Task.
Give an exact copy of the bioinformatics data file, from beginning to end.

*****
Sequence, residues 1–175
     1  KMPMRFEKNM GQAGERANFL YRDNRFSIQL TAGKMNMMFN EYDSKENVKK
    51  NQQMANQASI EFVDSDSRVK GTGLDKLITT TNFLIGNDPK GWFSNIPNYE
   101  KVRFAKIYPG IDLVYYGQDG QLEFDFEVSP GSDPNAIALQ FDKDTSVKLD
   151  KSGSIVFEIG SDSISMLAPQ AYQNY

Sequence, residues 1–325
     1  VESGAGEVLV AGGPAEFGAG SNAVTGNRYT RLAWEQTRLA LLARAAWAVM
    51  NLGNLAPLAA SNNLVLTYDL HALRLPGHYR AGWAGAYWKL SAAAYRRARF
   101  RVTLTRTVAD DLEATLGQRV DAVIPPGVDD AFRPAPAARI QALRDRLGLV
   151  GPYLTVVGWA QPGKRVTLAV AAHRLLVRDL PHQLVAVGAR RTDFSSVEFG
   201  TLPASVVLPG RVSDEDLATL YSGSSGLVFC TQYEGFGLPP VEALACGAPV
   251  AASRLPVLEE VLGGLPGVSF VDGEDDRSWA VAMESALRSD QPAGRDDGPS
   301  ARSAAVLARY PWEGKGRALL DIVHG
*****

Sequence, residues 1–175
     1  KMPMRFEKNM GQAGERANFL YRDNRFSIQL TAGKMNMMFN EYDSKENVKK
    51  NQQMANQASI EFVDSDSRVK GTGLDKLITT TNFLIGNDPK GWFSNIPNYE
   101  KVRFAKIYPG IDLVYYGQDG QLEFDFEVSP GSDPNAIALQ FDKDTSVKLD
   151  KSGSIVFEIG SDSISMLAPQ AYQNY

Sequence, residues 1–325
     1  VESGAGEVLV AGGPAEFGAG SNAVTGNRYT RLAWEQTRLA LLARAAWAVM
    51  NLGNLAPLAA SNNLVLTYDL HALRLPGHYR AGWAGAYWKL SAAAYRRARF
   101  RVTLTRTVAD DLEATLGQRV DAVIPPGVDD AFRPAPAARI QALRDRLGLV
   151  GPYLTVVGWA QPGKRVTLAV AAHRLLVRDL PHQLVAVGAR RTDFSSVEFG
   201  TLPASVVLPG RVSDEDLATL YSGSSGLVFC TQYEGFGLPP VEALACGAPV
   251  AASRLPVLEE VLGGLPGVSF VDGEDDRSWA VAMESALRSD QPAGRDDGPS
   301  ARSAAVLARY PWEGKGRALL DIVHG